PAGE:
A few years back I attempted this mod on a Spectrum, based upon an old magazine article I’d stumbled across on the Internet. A link to my mod (with links to the original article) can be found here.
The ZX81 video circuitry is driven directly by the ULA and, like the Spectrum, that signal is fed into a UHF modulator which converts the composite signal into an RF signal that a TV can tune into.
My portable Samsung LCD TV refused to tune into the ZX81.
I’d determined that the ZX81 was working by tuning it into an old VCR I have knocking around for this kind of thing, and plugging that into the TV via SCART. This is obviously not a long-term solution, so decided to convert my ZX81 over to composite.
The modification I attempted is based upon one suggested by Tynemouth Software, and requires an amplifier / buffer board – I used the one suggested in the article by The Future was 8 Bit. So there is nothing new to be learned from this article, other than my experiences as a layman.
Please note that my ZX81 has the later modified ULA (210E) – if your ZX81 has the buggy 184E ULA then your mileage may vary with this – that ULA does not properly implement a back-porch after the line-sync signal, so the picture may be dark. There are alternative boards which resolve this issue by inserting a back-porch into the signal.
So the first step is to take the lid off the modulator, desolder the component lead connected to the modulator pin, bending the component out of the way.
Then, remove the composite input wire – cutting it out of the modulator, desoldering it from the motherboard and pulling the wire out through the grommet on the modulator case.
Finally, cut the 5VDC power wire inside the modulator case – try to keep that as long as possible; we’ll be lengthening that later.
Next – find some single-core wire, preferably thicker than wire-wrap (30AWG), but not too thick; we’ll be bending these wires around later to fit in the modulator case. I found that cutting the four wires needed to be about the length of the modulator case worked, possibly slightly longer for the wire that will be soldered from the Video Out on the board to the connector pin.
So solder the wires onto the board, making sure the orientation is correct. The board does get quite hot quickly when soldering the wires on, so don’t linger, and let the board cool down before soldering the next one on.
When fitting the board, I soldered the 5VDC wire first, as that was the fiddliest – wire-to-wire soldering is not my strongpoint. The second wire, the Video In, was poked out of the modulator through a grommet. I had to strip a lot of the insulation on this wire to fit it through the hole. That was then soldered onto the motherboard, taking care to solder it back in the same hole.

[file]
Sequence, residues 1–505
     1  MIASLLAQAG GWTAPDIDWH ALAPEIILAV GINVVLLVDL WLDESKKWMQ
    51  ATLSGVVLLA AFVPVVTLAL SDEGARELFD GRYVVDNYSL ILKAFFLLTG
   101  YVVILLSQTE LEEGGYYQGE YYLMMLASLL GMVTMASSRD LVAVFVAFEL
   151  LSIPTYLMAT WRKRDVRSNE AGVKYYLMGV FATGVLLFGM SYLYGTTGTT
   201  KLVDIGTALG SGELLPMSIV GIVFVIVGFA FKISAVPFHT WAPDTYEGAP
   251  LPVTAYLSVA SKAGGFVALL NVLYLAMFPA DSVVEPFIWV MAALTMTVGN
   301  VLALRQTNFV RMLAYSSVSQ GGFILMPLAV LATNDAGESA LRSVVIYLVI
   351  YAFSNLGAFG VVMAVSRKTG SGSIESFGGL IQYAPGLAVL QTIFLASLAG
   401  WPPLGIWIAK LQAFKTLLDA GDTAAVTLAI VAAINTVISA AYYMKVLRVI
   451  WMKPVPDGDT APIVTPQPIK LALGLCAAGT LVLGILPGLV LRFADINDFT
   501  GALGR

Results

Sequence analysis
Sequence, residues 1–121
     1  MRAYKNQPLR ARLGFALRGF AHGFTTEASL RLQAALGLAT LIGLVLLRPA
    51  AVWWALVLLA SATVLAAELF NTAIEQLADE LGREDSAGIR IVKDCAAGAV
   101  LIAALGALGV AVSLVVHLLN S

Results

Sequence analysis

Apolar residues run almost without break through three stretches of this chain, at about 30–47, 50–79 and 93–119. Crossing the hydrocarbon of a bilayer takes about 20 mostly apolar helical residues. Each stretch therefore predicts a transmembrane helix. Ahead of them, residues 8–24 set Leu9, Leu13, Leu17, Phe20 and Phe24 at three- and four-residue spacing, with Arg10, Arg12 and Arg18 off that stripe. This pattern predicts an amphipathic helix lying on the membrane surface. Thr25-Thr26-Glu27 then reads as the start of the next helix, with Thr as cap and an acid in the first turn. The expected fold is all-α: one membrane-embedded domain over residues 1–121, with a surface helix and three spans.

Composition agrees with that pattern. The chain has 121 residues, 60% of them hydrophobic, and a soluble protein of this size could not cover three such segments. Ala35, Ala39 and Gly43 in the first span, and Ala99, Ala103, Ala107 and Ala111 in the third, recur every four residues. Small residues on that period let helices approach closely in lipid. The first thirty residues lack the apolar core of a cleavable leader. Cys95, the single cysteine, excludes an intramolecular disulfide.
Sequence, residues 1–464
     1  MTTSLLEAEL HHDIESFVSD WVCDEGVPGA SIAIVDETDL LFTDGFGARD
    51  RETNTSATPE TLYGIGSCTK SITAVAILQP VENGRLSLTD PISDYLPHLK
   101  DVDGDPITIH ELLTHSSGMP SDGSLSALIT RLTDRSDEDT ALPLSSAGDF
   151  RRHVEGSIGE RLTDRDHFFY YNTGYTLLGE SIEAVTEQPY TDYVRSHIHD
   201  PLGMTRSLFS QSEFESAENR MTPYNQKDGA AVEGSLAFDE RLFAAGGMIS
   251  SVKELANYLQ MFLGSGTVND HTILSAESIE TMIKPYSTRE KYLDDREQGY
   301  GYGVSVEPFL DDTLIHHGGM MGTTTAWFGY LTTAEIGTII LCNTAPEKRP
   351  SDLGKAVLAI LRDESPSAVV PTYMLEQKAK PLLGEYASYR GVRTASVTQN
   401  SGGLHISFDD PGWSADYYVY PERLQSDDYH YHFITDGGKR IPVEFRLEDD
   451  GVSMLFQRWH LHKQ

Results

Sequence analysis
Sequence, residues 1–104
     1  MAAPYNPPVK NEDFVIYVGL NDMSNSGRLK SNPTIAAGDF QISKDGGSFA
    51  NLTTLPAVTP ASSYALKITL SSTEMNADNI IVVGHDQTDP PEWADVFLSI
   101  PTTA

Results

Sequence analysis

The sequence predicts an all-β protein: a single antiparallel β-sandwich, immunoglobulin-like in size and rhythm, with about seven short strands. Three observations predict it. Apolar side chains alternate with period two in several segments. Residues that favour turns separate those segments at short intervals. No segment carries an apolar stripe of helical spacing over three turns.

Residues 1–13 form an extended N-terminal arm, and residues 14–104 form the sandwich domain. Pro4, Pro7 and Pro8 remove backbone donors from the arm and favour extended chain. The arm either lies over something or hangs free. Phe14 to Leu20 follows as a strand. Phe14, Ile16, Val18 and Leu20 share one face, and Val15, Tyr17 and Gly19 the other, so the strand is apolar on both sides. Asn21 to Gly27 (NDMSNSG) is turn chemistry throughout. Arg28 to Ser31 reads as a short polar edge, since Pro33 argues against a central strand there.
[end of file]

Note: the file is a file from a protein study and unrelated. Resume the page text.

Next, the Video Out cable was soldered onto the modulator connector pin. Don’t make the mistake I first did of poking the wire through the hole on the connector pin; that will push against the composite video plug as you push it in and you won’t get a terribly good connection between the pin and the plug.
Finally the ground cable was soldered onto the modulator case. This was the trickiest for me – I was using lead-free solder for this and, despite best attempts to prepare the surface and tinning the wires, I could not get the solder to stick. I would suggest using a solder that contains lead, and make sure your soldering iron is quite hot. And if you have a soldering iron with a bevelled tip, I’d use that – I don’t think my pencil-tipped iron was passing enough heat through.
Testing is fairly straightforward; before I plugged it in I made sure that all the pads on the board were connected to the motherboard with a continuity meter, so 5VDC and Video In to the appropriate wires outside the modulator and Ground to the modulator case and any ground point on the board, for example the heatsink for the regulator. Finally, check the Video Out is connected to the modulator connector inner pin by poking a probe inside.
I put tape on the inside of the modulator lid to prevent any shorts if the board touched it – just a couple of layers of masking tap for now.
Finally, a quick test with the lid of the modulator off, and one with the lid on.
I did have a lot of problems with this project – it was quite fiddly in places and I did struggle a bit at first getting the solder to stick. But lessons were learned, and if I were to do this again, I’d probably make a better job of it.
The video output is not quite composite level. It’s between 0.75V and 3V on my scope. This is better than the stock output from the ULA, which is between 1.5V and 3.75V. Most TVs should cope with this voltage fine. I think I’ve got an LCD TV (a Samsung model) that is particularly fussy about the video signal coming in. The picture is sometimes a little off when I plug my Spectrum in, with ghosting and odd colours. The ZX81 exhibits similar issues and sometimes no picture at all. I will need to investigate this further, and will update these articles when I find out more, but for the moment I’m going to leave that as a known issue.
Update: 26th January 2020
I did a little more testing to see whether it was my TV being fussy, or a fault with the repairs. I had my suspicions it was the TV, as the my Spectrum sometimes goes a bit fuzzy when plugged into it via composite video. So dug out an old in-car DVD player that has composite input and output.
The in-car DVD player, which is outputting a near-textbook composite video output was rock steady on my TV, and the ZX81, plugged into the DVD composite video input was also rock steady. I can only conclude that the TV is just being very fussy about the voltage levels on the input. I was also quite taken by the look of the ZX81 connected to the DVD monitor – it looks perfect!